Read a brief interview with Samaritan’s Purse staff member Ray Helm as he shares about what he’s seeing in northern Iraq, how Samaritan’s Purse is helping, and ways we can pray.
The complex military offensive to retake Mosul—Iraq’s second largest city—from ISIS control began October 17 and continues with a diverse coalition of around 100,000 troops pitted against several thousand ISIS militants.
Samaritan’s Purse has a disaster response team on the ground in northern Iraq joining our national staff as they provide physical and spiritual relief in Jesus’ Name. Ray Helm, logistics officer for Samaritan’s Purse in northern Iraq, answered a few questions to paint a better picture for us of what is happening on the ground.
How had Samaritan’s Purse been responding in Iraq prior to the situation in Mosul?
Samaritan’s Purse had a number of projects ongoing in northern Iraq for several years. These have included protection and WASH [water, sanitation, and hygiene] but also assistance with building a new school. All the original projects are to continue whilst we are responding to Mosul.
What is the current situation in Mosul and surrounding areas?
The battle for Mosul started just over a week ago. The Iraq government anticipated that up to 1.5 million people could leave the city. They have built large long-term camps to house these people. In order to liberate Mosul, the surrounding towns and villages needed to be taken and any remaining peoples moved to safety. Some of these were Christians whose houses and churches were totally destroyed.
How is Samaritan’s Purse responding right now?
Samaritan’s Purse is responding in a number of ways—feeding in the camps, providing blankets and hygiene kits, and we have turned out twice during the night to provide emergency food and water near to the front line of battle where civilians were stuck.
What are you seeing, and what are fleeing families telling you?
When the people first started arriving, there were in very small numbers, and I had more time to talk to them. I am seen as an old man, which appears to make communication and trust easier for those who have suffered, especially amongst older men. The demographics were an early indicator of what was happening—mostly women and very young children plus old men. Boys of most ages and fighting age men—there were few.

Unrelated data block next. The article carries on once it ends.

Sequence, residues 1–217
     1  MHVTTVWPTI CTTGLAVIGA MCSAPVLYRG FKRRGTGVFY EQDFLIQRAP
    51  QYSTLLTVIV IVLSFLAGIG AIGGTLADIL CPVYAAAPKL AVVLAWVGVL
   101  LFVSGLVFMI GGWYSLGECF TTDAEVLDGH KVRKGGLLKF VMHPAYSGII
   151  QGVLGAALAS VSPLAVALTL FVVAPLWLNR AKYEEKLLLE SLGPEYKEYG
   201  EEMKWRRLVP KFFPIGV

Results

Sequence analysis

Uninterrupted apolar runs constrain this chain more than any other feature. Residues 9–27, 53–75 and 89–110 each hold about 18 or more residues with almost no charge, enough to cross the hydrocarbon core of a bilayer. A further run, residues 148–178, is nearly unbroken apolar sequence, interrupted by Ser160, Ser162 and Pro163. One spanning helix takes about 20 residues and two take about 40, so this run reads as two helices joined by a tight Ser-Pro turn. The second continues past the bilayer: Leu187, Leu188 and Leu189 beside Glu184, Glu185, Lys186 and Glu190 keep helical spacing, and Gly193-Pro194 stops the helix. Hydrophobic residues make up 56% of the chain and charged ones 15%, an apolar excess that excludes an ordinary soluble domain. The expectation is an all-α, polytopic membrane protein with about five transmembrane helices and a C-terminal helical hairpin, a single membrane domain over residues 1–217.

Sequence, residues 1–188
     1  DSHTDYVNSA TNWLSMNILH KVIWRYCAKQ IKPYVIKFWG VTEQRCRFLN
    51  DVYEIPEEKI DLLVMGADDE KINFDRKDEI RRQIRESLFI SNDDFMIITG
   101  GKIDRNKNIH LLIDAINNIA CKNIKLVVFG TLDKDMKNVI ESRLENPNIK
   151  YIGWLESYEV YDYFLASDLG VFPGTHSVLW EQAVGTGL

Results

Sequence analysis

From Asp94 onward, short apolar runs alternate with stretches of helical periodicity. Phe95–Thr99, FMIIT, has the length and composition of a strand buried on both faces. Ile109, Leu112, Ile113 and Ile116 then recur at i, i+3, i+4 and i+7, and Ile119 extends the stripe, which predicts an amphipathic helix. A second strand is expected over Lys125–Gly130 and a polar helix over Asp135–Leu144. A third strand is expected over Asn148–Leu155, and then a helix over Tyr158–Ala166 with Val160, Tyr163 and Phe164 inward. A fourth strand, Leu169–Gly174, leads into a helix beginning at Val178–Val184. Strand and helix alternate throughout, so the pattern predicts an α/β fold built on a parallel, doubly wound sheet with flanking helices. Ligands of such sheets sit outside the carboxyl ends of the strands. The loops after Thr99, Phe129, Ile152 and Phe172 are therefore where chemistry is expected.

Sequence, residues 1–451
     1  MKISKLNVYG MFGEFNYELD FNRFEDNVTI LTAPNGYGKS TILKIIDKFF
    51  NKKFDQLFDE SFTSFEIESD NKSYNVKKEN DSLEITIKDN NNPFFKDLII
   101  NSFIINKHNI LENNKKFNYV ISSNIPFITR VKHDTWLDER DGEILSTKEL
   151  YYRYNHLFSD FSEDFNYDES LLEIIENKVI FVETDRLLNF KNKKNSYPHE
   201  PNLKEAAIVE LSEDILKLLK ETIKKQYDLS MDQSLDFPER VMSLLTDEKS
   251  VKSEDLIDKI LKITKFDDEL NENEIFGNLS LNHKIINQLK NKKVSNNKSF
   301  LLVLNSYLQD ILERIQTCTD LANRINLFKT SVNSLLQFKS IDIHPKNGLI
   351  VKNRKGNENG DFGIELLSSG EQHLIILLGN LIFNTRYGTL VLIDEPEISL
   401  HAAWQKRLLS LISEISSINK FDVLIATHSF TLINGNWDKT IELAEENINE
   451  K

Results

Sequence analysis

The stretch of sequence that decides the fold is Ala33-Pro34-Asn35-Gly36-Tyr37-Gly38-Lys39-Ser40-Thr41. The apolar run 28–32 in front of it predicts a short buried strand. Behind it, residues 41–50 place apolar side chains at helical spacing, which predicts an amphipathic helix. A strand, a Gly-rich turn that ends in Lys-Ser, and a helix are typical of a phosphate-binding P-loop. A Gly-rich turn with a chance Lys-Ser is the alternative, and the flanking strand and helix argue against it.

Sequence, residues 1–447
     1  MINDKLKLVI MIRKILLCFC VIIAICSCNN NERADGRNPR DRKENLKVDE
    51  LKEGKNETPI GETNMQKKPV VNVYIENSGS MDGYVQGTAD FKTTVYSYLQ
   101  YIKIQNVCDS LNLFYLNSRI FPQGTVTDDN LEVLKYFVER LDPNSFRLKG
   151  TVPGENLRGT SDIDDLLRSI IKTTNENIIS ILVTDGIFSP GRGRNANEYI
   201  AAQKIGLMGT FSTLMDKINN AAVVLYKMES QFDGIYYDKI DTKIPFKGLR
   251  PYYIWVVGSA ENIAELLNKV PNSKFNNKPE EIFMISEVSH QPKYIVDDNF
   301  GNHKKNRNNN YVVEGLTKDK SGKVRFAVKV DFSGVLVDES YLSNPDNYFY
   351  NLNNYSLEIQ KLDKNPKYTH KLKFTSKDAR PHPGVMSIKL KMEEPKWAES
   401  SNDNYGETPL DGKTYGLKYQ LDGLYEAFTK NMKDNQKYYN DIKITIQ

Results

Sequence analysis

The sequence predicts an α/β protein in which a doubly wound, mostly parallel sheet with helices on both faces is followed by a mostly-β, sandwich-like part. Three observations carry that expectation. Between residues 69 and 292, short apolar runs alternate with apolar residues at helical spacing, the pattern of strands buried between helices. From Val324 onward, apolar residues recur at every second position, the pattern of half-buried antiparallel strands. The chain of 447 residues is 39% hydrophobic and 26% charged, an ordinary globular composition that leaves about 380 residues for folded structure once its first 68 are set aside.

“He did not expect to be treated so well by Christians who were waiting to help him.”
One old man grabbed me, kissing me, praising my God for his release. He had been forced to witness the execution of all the male members of his family. He did not expect to be treated so well by Christians who were waiting to help him. I have always thought of Arab men as strong and very proud. As in Greece, many, including this man, were in tears.
Children arrive with fear on their faces. Nobody can be trusted. As a grandfather of four little ones, I try to break this down. Playing with them, smiling, and including them helps.
The boy in the CNN report [where I was quoted] managed to avoid death with all the rest of his family because he was so small. One of the men who came out with him told me that they had been released by ISIS after watching others executed. They walked out under a white flag toward the Iraqi soldiers, and when they were almost there, ISIS gunned them down from the rear. He is now unaccompanied but being looked after and protected in the camp. When I see him now, he openly smiles, but what does he remember?
How can we pray for and support those in this situation?
Prayers are needed to help people to get out alive and for the soldiers who face not just ordinary weapons of war but IEDs and hidden traps designed to kill. [Samaritan’s Purse staff members on the ground] are coming to a heavy pressure time with feeding. It would help us all if the weight of your prayers was behind us.